endure any how." So the question for me and for you is this:
What is our why? Why are we living? Why are we giving? Why are
we caring for family and friends? Why are we building companies
and giving money away? Why do we forgive others? Why do we try
to help those in need? I recall former Senator Mark Hatfield asking
Mother Teresa how she remained hopeful with the daunting challenge
of working with the ‘untouchables’ in Indian society.
Her reply was rooted in her own why: Because every human being
is a child of God and deserves to be cared for if only for a few
hours before they fade from life.
Mother Teresa had a clear why. How
about the counterpoint to such a 'highminded' why? If you recall
any of the writings of the 15th century political theorist Machiavelli,
you will remember his notion that the "ends justify the means". He and Mother Teresa
would not be happy with one another if they were to share a glass
of wine. He had a very cynical approach to politics and many see
his work The Prince as the basis of modern politics. He had a much
debased view of character in opposition to the classical affirmations
of humanity and goodness that were found in Plato and in the Hebrew
scriptures. His perspective was rooted in a view (or why) that
efficiency and success were the true goals of governing, and he
saw leaders as cunning and self-centered with an eye toward their
own self interest. His conclusion was that virtuous character is
totally irrelevant since it can (sometimes) stand in the way of
desired results. Whew! That is hard to take in. I suspect this
guiding philosophy works well for a season. Imagine then trying
to live with yourself in the aftermath of such a self-centered
approach to life…and then consider your end drawing near
and leaving such a self-centered legacy to your heirs?
Many of us
have a theoretical why that is based upon personal histories and
experience yet have never actually been tested real time. Typically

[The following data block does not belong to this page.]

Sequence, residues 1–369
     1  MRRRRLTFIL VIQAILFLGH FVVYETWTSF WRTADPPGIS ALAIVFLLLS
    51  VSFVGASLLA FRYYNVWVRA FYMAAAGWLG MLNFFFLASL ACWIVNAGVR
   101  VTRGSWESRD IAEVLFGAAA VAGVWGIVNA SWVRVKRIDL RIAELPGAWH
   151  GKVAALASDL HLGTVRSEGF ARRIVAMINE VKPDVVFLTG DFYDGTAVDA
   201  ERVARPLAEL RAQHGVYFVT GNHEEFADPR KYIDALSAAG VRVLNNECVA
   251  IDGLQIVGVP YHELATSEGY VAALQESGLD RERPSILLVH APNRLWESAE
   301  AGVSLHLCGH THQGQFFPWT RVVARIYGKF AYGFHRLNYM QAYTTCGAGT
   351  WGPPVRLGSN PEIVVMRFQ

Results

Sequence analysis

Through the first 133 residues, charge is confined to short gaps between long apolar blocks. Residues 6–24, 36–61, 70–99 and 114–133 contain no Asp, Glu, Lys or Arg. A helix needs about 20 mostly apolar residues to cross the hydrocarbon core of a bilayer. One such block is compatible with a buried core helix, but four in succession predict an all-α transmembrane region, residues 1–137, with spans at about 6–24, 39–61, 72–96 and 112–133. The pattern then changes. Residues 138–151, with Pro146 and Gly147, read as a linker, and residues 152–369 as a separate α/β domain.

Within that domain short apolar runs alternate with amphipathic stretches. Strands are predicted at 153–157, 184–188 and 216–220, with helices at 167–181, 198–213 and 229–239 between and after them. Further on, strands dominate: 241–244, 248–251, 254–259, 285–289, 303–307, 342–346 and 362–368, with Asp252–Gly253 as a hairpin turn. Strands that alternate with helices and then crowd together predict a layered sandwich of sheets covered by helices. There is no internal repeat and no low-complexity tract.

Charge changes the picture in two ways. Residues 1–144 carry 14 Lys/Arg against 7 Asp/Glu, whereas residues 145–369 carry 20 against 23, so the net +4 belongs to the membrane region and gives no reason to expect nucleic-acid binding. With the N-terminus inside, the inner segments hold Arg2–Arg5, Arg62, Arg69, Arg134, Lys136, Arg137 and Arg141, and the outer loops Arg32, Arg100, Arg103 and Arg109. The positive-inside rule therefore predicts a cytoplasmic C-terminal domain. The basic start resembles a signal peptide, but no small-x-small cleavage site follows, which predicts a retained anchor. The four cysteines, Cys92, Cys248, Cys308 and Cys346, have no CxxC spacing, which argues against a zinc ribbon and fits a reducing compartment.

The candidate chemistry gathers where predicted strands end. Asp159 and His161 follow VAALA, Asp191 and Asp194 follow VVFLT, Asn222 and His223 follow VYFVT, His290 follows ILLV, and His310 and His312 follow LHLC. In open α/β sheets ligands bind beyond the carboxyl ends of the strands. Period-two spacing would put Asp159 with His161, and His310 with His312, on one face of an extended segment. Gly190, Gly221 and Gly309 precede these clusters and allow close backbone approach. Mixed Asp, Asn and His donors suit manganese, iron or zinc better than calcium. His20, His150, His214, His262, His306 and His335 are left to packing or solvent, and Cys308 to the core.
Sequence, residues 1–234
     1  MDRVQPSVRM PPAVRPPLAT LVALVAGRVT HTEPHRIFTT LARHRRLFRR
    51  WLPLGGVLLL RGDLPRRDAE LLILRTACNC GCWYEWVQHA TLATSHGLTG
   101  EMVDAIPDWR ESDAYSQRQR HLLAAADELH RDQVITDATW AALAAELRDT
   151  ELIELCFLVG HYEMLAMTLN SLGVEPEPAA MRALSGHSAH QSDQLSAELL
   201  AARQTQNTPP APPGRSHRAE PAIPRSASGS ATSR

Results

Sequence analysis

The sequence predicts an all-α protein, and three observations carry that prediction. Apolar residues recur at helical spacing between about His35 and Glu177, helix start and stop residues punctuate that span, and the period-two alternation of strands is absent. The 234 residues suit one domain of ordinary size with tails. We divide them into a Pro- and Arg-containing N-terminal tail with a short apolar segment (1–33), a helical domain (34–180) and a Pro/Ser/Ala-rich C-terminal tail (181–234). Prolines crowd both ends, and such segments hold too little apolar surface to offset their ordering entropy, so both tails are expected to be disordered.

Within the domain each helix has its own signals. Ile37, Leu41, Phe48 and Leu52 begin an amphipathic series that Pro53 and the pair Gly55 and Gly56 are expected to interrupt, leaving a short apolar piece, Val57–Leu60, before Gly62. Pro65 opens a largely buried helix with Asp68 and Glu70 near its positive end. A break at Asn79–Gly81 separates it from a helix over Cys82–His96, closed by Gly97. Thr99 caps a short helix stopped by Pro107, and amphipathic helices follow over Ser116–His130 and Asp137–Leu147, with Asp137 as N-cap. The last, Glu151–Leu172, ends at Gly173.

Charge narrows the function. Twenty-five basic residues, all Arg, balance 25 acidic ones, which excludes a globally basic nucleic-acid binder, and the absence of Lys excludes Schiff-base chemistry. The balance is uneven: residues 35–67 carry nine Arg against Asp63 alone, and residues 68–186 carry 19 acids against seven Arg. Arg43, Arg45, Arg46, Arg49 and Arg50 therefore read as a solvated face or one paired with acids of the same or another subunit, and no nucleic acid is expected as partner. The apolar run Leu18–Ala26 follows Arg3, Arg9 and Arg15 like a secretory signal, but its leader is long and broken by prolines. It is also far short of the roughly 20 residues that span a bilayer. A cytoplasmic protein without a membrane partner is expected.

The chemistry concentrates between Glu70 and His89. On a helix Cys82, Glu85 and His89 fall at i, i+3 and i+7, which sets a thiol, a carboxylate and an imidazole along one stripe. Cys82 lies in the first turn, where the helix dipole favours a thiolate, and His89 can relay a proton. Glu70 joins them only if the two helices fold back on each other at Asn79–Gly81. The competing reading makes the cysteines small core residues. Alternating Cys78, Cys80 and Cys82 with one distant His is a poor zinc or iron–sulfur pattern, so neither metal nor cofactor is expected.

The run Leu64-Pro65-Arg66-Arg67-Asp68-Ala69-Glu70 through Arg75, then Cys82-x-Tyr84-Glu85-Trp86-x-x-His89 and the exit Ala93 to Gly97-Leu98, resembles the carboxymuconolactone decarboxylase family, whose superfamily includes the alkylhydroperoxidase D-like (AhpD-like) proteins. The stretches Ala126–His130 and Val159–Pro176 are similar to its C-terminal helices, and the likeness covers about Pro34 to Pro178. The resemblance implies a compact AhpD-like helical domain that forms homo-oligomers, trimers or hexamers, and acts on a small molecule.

a wake-up call occurs (you name it...health issue, child or marital
issue, financial crisis, depression, etc.) It is then in our terror
that we look for a worldview or set of beliefs that helps us make
sense of our new circumstance. The why question is no longer academic
but vital and deeply personal. And frankly, this is often a good
thing. How many times has someone said, "I
would never have wanted to go through what I endured, but having
survived it, I am no longer afraid and think I am a better person." Ironic,
huh? But at such moments we discover the real why of our lives.
following poem written by a young, unknown Confederate soldier
demonstrates a quite amazing capacity to see the value in understanding
that once we go beyond what we can see and control, there is a
solid why that carries us. carpe diem. Doug
I asked for strength that I might achieve;
I was made weak that I
might learn humbly to obey.
I asked for help that I might do greater
I was given infirmity that I might do better things.
I asked for riches
that I might be happy;
I was given poverty that I might be wise.
I asked for power that I
might have the praise of men;
I was given weakness that I might feel
the need of God.
I asked for all things that I might enjoy life;
I was given life that
I might enjoy all things.
I got nothing that I asked for but everything
I hoped for.
Almost despite myself, my unspoken prayers were answered.
I am among
all men most richly blessed.